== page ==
When shopping for outdoor clothing, you've probably heard a lot about something called ‘the layering system’. Layering your breathable clothing can help you to keep warm, dry and comfortable through varying conditions, allowing you to add or remove layers depending on how you feel and the conditions you’re in. All the items should be lightweight and packable, and should fit inside your rucksack easily.
In this guide we'll offer you all the advice you need for how to layer up correctly when you’re outdoors.
It's easy to think that when the temperature drops, wearing the thickest clothing possible is the best idea, when in actuality most mountain climbers, runners, cyclists, hill walkers and dog walkers can all benefit from some variation of a layered clothing system.
Carrying extra layers in your rucksack can help to keep you safe - the weather may be mild when you set off on your walk, but as you get higher into the hills, the temperature can and will take a sudden drop, and conditions can change in an instant.
How does the layering system work?
At its most basic level, the layering system will consist of three layers, including:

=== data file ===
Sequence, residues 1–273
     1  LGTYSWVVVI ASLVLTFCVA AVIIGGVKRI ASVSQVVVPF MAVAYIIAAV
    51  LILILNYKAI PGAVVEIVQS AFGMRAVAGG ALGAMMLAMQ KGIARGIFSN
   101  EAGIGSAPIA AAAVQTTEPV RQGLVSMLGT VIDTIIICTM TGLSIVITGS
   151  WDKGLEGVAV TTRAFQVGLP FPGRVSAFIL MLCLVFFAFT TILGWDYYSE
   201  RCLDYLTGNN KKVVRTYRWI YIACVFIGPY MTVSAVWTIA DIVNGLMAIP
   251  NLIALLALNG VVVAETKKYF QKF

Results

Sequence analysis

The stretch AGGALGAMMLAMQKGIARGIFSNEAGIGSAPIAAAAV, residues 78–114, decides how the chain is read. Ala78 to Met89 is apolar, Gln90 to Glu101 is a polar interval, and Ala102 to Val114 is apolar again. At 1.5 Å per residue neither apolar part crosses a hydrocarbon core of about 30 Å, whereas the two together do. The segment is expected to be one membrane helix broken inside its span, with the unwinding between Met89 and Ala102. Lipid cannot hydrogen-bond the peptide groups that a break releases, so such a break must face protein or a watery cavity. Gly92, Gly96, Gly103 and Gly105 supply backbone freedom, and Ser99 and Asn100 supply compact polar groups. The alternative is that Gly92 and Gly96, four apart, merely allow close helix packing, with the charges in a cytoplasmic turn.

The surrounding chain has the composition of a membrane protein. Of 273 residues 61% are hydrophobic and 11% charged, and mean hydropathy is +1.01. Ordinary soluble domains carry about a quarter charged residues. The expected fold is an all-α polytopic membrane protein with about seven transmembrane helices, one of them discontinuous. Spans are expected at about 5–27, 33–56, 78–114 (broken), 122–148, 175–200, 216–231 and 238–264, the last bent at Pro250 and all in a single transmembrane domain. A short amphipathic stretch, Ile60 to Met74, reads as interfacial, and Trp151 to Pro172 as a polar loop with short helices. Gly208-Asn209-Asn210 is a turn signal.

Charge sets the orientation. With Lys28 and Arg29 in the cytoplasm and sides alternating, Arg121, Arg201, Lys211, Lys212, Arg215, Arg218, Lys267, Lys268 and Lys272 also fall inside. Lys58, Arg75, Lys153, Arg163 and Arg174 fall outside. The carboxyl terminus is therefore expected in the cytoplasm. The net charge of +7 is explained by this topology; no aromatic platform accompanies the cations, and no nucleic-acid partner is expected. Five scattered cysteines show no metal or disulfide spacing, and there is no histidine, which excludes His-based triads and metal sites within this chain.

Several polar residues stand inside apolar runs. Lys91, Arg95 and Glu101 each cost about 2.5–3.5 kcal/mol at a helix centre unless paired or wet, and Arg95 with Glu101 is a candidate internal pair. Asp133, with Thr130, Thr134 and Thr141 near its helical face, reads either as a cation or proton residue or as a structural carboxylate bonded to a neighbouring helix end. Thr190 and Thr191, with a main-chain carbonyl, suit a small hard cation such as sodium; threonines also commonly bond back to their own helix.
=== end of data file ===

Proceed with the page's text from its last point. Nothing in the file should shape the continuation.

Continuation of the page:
1) Baselyer - helps to regulate your body temperature and wick away moisture from your skin. 2) Midlayer - used to trap the warmth your body generates. Depending on the weather this can be a fleece, a softshell or even a down jacket. 3) Outer Layer - usually this is your protective layer. For example, a waterproof jacket in the rain or a windproof or down jacket in the cold/dry.
Below we'll take a look at these layers in a little more detail:
Worn next to the skin, creating a thin layer of warm air against the body
Helps to wick moisture/sweat vapour from the skin to regulate body temperature
Ideal on its own for aerobic activity, or warm days
Avoid using cotton as a baselayer. Cotton soaks up sweat and stays wet, drawing the heat away from your body, leaving you cold.